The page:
Mansfield Police Department

National Teen Driver Safety Week Is October 19-25, 2014

Talk to Your Teen About the “5 to Drive

The 5 to Drive are five important rules that teen drivers need to follow to stay safe behind the wheel. These rules address the worst dangers for teen drivers: alcohol, texting, seat belts, speeding, and extra passengers.


  • Motor vehicle crashes are the number one killer of 14- to 18-year-olds in the United States.
  • In 2012, there were 2,055 teen drivers involved in fatal crashes, and 859 (42%) of those teen drivers were killed in the crashes.
  • You are the biggest influence on your teen’s safety behind the wheel, but according to a recent survey, only 25 percent of parents take the time to talk with their kids about the dangers of driving, including:
    • Alcohol: Teen drivers are at a greater risk of death in alcohol-related crashes compared to drivers in all other age groups, even though they’re too young to legally buy or possess alcohol. Nationally in 2012, 28 percent of the young drivers (15 to 20 years old) who were killed in crashes had a blood alcohol concentration (BAC) of .01 grams per deciliter (g/dL) or higher.
    • Seat belts: Wearing a seat belt is one of the simplest ways for teens to stay safe in a vehicle. Whether it’s immaturity or a false perception that they’re invincible—teens aren’t buckling up. In 2012, of all the young (15- to 20-year-old) passenger vehicle drivers killed in crashes, more than half (55%) of those killed were unbuckled.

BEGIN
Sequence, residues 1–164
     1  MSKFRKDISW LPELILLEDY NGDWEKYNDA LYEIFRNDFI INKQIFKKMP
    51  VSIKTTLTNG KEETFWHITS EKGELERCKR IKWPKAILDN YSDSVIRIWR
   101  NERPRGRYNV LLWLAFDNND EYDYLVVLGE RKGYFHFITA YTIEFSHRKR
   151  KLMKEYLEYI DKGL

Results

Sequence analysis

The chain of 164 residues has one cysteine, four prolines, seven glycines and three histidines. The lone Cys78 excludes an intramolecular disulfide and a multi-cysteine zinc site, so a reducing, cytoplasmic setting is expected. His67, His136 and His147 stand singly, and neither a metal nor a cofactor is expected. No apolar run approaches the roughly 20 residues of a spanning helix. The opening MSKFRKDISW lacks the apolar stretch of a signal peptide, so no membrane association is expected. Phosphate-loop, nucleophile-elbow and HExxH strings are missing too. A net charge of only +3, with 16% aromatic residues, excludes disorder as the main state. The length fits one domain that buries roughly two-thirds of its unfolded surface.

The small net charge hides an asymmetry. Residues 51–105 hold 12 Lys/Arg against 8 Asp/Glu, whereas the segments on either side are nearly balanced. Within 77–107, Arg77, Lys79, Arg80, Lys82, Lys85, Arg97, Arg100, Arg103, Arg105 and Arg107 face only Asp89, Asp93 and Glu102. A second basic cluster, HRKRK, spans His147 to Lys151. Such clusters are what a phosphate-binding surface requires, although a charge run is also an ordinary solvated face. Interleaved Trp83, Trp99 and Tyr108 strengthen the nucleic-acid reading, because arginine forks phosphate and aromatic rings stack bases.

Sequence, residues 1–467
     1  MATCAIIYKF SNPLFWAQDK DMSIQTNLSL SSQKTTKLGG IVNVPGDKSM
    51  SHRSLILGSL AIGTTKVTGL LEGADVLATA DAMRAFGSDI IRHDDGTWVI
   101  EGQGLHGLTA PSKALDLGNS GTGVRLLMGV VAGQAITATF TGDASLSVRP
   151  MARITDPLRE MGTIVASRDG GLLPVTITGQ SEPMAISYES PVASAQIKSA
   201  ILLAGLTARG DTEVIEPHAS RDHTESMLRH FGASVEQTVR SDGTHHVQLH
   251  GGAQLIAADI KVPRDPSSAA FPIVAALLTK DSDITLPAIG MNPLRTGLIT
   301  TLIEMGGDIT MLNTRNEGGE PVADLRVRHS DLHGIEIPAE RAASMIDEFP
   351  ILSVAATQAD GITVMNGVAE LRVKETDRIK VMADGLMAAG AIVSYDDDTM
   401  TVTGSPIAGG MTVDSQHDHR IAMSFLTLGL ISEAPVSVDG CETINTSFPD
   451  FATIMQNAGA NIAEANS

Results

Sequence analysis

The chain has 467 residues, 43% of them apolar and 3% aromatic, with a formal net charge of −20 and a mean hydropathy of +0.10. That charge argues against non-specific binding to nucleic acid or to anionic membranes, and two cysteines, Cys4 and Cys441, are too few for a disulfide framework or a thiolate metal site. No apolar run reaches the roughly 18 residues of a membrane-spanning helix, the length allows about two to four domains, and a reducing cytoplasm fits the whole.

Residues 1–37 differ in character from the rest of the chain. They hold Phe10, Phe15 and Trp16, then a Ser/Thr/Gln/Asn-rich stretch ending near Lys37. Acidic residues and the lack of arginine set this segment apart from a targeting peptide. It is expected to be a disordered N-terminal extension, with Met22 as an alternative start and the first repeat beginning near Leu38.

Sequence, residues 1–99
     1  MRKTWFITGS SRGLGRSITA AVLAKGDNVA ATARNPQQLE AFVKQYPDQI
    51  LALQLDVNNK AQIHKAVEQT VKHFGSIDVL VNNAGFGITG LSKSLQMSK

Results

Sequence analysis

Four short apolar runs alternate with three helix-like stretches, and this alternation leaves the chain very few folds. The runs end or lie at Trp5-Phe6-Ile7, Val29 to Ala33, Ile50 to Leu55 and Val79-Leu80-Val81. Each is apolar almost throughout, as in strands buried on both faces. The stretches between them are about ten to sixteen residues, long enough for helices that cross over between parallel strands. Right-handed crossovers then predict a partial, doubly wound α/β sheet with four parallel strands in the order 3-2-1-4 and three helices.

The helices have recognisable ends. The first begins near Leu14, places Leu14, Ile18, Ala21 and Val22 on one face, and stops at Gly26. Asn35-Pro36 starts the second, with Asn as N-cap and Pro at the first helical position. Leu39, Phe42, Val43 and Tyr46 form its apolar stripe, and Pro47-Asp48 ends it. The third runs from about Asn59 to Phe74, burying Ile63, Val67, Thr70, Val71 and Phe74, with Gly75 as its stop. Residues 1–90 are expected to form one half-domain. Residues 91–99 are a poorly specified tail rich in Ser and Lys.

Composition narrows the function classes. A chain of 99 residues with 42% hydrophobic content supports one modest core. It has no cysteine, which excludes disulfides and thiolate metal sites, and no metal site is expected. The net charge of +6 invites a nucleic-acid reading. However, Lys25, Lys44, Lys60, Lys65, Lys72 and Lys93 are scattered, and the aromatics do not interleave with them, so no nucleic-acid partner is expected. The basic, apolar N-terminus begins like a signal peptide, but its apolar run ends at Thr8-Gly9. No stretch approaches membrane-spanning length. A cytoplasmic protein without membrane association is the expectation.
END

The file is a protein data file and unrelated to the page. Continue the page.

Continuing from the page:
• Texting: Texting or dialing while driving is more than just risky—it’s deadly. In 2012, among drivers 15 to 19 years old who were distracted in fatal crashes, nearly 1 in 5 were distracted by phones. This age group had the highest percentage of drivers distracted by phone use. 
    • Speeding: In 2012, speeding was a factor in almost half (48%) of the crashes that killed 15- to 20-year-old drivers.
    • Passengers: Teens may be very social, but the car isn’t the place to socialize. Extra passengers for a teen driver can lead to disastrous results. In fact, according to a recent survey by the Allstate Foundation, half of all teen drivers even admit that they are safer drivers without their friends as passengers.


Surveys show that teens whose parents impose driving restrictions typically engage in less risky driving and are involved in fewer crashes. They can’t listen if you don’t talk.

  • October 19-25, join parents across the country in the “5 to Drive” campaign.
  • Get the facts about teen driving and share some of the grim statistics with your teen.
  • Know your State’s graduated driver licensing (GDL) restrictions and enforce them.
  • Remind your teen that driving is a privilege to be taken seriously.
  • Set the Rules Before They Hit the Road.

For more information about National Teen Driver Safety Week and the “5 to Drive” campaign, please visit